else is it appropriate that expression should be given fluous or are not being performed. Between leading to the true relations which exist between the two) States like the Union and Great Britaiu causes of countries. [Hear, hear.) But there is another reason friction are ever liable to arise. They may be rubbed why an American representative who, as you have into sores, or soothed into subsidence, much at the said, my lord mayor, is an American lawyer, should discretion of diplomacy. A sympathetic American be glad to come here on this occasion, and that is the representative will understand that for Englishmen common share we claim with you and the common to wish to provoke American ill-will is inconceivable. admiration which we feel with you for those distin Ile will comprehend their general disposition to guished men who are the judges of England. [IIear, friendliness, and something warmer. He will put to hear.] We claim them also as our brethren, for in the true account the accidents of local manner and hundreds of American courts, and to thousands of expression. He will feel himself accredited to the lawyers as well as judges who never saw and never British people no less than to the secretary for foreign will see the faces of English judges, their names are affairs. To Englishmen it is at least as important as household words, and their judgments are the sub to an American minister that he should accept his jects of constant study and instruction. Of American functions in that spirit. Jr. Phelps' sample of himjudges, it may be said that they administer laws over self at the Mansion Ilouse is testimony that his the wide area between the Atlantic and Pacific largely | interpretation of his obligations agrees with theirs. founded on your judgments here, so greatly are they A special connection with one of the great divisions esteemed and valued. We have lately had among us of English life and thought tends to facilitate a genone of the most distinguished members of the English eral appreciation of the nationality it is an American bench-Lord Chief Justice ('oleridge. He came as the envoy's province to study. A member of an American guest of the American bar, but he remained as the profession which is also an English profession begins guest of the American people. [('heers.) He delighted by not being a stranger. Mr. Lowell from the mothem, and I believe he came away not altogether dis ment he occupied the legation was at home. As a pleased with us. [Ilear, hear.] I hope many of his member of the vocation of letters, he had a key to the distinguished brethren will follow his example and citadel of English hearts. Mr. Phelps is among the travel through what I may call the second jurisdiction most eminent of American lawyers, and has stepped of the British bench. I think in no one thing are the on shore in the midst of a confraternity which is British people more largely to be congratulated than scarcely other than his own. An American minister upon their judiciary; for it is British justice which has who has spent, as Mr. Phelps worthily boasts, his best built up British liberty. The freedom of England has years in the practice of the law, is provided witz, a been fought for in many a field, and contended for in wedge warranted to open the hardest knots of insular many a parliament, and many a great light has been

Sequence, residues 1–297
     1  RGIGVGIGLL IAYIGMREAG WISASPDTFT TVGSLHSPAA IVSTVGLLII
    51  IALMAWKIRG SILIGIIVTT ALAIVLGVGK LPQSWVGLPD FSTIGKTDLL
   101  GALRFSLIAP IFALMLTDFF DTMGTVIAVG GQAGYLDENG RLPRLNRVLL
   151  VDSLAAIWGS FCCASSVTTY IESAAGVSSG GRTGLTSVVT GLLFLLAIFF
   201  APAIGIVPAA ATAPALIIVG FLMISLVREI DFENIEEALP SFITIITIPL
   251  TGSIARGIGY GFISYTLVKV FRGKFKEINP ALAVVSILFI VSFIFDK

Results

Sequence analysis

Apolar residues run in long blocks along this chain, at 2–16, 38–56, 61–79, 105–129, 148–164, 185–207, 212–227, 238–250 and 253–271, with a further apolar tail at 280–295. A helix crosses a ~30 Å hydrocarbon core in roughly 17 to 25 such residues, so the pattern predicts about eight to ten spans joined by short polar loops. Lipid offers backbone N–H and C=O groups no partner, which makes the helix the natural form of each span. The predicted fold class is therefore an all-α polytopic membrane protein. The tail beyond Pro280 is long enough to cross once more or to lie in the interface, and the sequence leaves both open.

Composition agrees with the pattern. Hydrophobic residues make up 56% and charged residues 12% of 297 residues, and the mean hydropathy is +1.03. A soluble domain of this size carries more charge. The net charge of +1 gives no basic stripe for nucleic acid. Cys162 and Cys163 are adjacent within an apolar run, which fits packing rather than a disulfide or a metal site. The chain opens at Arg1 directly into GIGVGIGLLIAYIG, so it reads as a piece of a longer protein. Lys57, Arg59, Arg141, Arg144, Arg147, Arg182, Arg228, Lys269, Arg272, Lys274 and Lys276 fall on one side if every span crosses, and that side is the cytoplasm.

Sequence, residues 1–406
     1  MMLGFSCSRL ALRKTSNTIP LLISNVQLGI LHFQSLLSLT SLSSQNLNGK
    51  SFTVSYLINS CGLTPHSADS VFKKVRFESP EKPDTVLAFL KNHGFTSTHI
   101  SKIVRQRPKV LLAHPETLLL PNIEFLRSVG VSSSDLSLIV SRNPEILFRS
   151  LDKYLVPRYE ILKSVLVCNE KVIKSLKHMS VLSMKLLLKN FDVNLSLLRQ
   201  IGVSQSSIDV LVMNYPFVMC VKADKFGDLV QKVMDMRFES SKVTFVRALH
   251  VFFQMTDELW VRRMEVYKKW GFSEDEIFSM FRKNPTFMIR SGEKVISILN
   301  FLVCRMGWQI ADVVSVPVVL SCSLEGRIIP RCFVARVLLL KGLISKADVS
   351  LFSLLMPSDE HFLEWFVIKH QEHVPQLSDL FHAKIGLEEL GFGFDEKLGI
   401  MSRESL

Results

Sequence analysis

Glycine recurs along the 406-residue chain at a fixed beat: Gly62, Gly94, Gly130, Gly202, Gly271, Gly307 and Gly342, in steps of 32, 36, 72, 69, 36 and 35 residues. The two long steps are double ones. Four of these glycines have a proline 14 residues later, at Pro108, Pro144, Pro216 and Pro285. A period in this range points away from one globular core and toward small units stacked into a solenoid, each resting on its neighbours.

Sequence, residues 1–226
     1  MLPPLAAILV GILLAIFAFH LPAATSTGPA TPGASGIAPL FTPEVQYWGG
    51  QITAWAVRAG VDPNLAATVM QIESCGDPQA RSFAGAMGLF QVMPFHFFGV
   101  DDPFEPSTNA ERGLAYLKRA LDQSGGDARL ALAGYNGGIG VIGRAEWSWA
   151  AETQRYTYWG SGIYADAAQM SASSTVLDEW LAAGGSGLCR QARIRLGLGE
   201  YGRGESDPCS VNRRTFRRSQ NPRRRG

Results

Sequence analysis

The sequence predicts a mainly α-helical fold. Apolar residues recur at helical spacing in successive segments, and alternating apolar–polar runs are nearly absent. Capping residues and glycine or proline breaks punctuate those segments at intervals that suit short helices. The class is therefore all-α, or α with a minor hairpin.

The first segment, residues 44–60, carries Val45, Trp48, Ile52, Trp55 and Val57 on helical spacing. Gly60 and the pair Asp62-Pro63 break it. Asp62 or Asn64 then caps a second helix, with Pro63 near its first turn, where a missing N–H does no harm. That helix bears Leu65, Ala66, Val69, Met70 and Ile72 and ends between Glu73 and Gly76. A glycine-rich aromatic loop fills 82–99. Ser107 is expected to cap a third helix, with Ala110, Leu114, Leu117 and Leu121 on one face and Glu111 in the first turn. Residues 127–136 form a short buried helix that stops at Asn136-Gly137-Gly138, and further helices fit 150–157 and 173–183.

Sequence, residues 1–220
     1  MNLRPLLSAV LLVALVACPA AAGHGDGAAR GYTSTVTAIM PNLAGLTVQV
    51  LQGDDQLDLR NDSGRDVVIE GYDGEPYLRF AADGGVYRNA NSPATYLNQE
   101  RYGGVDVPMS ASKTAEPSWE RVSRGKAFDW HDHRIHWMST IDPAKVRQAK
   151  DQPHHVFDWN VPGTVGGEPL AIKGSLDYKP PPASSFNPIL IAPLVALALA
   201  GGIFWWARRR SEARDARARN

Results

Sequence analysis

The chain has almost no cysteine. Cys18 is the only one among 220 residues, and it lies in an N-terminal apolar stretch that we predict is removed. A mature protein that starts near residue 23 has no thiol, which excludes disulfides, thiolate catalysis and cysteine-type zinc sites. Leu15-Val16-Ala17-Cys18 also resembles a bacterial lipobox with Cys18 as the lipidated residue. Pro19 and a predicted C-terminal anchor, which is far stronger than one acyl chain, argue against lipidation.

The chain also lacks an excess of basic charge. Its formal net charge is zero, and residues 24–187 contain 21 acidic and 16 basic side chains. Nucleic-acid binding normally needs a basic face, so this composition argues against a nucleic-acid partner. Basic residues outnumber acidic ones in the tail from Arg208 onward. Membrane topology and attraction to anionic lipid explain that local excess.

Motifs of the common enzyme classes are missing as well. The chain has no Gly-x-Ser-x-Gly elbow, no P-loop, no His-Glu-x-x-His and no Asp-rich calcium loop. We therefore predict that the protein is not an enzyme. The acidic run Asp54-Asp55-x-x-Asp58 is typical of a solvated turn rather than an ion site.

llo speaks the dialect in rogue wherever lawthrown upon it from the judicial bench, and the free vers are met; and where are they not? Armed with dom we enjoy wo inherited from you. Your poet lau the professional shibboleths, he has of his personal right reate hus condensed the whole thing in his lines: as unchallenged admittance into the inmost recesses of
English habits as the author whose heart both sides of "Where freedom broadlens slowly down
the Atlantic are equally empowered to read. Not in From precedent to precedent." (Cheers).